In the years after World War II, when West Coast architects were building the famous Case Study houses—bold experiments in bringing modern design to the masses—another group of avant-garde architects was shaking up woodsy New Canaan, Connecticut, an hour northeast of Manhattan. Among them were Philip Johnson, Marcel Breuer, Landis Gores, John Johansen, and Eliot Noyes, all of them trained in Cambridge by the Bauhaus master Walter Gropius and quickly dubbed the Harvard Five. Their creations, the most famous of which is Philip Johnson's Glass House, were at first considered "scandalous and shocking," according to architect William D. Earls's book, The Harvard Five. The 2006 imprint by W.W. Norton shows why, presenting the houses in crisp black-and-white photos from the 1940s through the '60s. (Since then many have been preserved, but some have been torn down, and others have been altered beyond recognition.) offers tours of the remaining houses and helps find sympathetic buyers when the iconic buildings, nearly all of them still in private hands, come on the market.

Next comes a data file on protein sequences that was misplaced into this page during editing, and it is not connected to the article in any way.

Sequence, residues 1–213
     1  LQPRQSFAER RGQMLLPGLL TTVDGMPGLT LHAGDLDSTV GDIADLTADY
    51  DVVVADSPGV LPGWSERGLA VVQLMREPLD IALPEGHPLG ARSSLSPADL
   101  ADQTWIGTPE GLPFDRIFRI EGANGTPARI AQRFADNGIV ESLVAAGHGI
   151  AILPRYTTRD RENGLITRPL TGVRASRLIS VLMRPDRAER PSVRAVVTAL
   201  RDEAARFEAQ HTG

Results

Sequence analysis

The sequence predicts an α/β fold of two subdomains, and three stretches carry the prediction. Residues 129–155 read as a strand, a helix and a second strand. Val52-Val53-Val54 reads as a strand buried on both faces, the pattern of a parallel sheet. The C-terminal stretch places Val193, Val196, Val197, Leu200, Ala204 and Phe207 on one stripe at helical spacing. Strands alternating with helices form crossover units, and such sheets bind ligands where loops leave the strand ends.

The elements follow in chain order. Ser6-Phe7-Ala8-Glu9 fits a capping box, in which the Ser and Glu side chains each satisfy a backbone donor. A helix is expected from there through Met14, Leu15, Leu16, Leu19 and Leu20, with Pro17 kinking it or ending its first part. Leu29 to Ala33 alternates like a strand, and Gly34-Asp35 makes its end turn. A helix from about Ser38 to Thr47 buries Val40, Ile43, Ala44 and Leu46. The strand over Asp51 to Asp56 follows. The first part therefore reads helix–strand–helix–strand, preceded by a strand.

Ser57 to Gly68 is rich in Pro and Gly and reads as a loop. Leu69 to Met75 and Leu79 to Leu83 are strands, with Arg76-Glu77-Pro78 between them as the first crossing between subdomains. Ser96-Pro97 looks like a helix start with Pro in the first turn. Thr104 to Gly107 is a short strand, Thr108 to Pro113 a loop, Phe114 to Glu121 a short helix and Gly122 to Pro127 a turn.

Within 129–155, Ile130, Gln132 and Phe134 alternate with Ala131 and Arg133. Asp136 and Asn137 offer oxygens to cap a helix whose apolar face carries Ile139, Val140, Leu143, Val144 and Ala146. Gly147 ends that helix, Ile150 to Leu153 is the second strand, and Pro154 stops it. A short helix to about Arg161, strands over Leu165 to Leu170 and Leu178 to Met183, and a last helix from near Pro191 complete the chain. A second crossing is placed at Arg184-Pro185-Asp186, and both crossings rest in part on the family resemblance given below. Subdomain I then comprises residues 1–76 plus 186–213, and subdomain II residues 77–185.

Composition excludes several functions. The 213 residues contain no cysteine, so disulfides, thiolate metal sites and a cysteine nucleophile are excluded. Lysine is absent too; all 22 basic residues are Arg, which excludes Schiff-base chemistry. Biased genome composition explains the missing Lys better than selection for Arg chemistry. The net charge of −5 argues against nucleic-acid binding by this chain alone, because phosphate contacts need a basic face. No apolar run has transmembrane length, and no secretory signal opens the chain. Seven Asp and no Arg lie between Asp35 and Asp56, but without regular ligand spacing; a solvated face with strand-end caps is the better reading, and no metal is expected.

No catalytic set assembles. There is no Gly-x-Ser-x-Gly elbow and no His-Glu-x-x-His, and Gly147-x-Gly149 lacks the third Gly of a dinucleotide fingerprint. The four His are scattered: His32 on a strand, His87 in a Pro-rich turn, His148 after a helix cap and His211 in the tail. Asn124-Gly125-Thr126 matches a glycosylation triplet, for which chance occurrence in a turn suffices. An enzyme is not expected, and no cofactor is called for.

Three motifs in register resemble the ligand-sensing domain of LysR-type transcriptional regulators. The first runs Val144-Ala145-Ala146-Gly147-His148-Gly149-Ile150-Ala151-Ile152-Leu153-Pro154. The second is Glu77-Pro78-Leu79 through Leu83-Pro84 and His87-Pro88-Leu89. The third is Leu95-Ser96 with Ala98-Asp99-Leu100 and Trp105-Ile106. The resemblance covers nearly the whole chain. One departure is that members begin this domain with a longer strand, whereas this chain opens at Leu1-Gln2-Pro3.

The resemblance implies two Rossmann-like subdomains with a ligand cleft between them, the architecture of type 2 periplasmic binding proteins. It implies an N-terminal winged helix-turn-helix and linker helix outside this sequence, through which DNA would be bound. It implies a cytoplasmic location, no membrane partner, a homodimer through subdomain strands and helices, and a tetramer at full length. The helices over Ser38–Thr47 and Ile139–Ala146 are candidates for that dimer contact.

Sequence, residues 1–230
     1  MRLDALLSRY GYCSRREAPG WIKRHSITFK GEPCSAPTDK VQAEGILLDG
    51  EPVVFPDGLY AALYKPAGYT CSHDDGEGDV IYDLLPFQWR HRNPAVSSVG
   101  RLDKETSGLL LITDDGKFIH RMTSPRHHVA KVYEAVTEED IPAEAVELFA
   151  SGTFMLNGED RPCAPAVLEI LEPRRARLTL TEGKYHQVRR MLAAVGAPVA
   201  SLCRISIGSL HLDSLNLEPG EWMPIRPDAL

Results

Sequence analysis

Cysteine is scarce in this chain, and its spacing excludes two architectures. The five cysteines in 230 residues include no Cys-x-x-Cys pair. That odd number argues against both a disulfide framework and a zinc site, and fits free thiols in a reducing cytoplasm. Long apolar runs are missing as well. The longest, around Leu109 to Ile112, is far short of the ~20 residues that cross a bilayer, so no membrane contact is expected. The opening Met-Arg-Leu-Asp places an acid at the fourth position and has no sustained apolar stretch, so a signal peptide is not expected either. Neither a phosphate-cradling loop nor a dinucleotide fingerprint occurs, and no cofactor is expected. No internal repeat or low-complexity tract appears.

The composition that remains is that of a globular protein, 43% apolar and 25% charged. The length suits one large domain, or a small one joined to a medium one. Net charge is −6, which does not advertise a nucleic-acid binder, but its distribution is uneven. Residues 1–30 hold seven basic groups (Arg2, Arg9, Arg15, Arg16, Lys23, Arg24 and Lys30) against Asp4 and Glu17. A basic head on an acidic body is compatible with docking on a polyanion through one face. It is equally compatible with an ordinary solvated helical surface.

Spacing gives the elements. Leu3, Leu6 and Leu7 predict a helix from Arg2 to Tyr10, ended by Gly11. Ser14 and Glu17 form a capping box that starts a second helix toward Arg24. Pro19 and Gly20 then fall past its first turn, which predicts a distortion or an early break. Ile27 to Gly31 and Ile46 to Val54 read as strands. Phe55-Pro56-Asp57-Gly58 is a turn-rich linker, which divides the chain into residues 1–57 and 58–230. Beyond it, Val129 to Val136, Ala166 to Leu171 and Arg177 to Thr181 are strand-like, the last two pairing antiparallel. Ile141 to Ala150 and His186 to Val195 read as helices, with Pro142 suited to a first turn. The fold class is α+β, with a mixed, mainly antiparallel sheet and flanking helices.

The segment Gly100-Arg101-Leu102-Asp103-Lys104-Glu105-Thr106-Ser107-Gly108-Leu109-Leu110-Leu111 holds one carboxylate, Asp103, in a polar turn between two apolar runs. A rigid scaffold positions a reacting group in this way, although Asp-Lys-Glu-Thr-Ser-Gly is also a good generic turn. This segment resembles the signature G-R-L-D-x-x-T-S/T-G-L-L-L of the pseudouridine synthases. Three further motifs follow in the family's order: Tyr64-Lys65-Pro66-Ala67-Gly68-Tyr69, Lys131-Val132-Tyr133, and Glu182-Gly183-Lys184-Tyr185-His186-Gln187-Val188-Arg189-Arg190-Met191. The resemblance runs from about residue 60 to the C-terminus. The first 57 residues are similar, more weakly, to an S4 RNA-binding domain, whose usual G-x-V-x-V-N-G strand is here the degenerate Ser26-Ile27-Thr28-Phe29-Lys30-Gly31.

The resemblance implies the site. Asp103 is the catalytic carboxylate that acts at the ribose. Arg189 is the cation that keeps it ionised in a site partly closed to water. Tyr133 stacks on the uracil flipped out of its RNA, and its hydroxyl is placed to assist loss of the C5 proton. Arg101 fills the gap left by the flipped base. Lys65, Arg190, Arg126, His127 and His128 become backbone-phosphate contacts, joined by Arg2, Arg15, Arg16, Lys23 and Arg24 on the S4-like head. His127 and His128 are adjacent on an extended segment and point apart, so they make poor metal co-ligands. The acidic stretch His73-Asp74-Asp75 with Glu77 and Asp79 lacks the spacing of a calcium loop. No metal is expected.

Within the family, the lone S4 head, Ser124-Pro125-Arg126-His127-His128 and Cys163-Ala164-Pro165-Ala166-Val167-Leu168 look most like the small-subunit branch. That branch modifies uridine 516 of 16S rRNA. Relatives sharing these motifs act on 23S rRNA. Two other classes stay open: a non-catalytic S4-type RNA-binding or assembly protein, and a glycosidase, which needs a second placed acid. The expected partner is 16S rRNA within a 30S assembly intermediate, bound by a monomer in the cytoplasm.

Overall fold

Want to see how a young family turned a neglected glass house into a family-friendly retreat? Click here!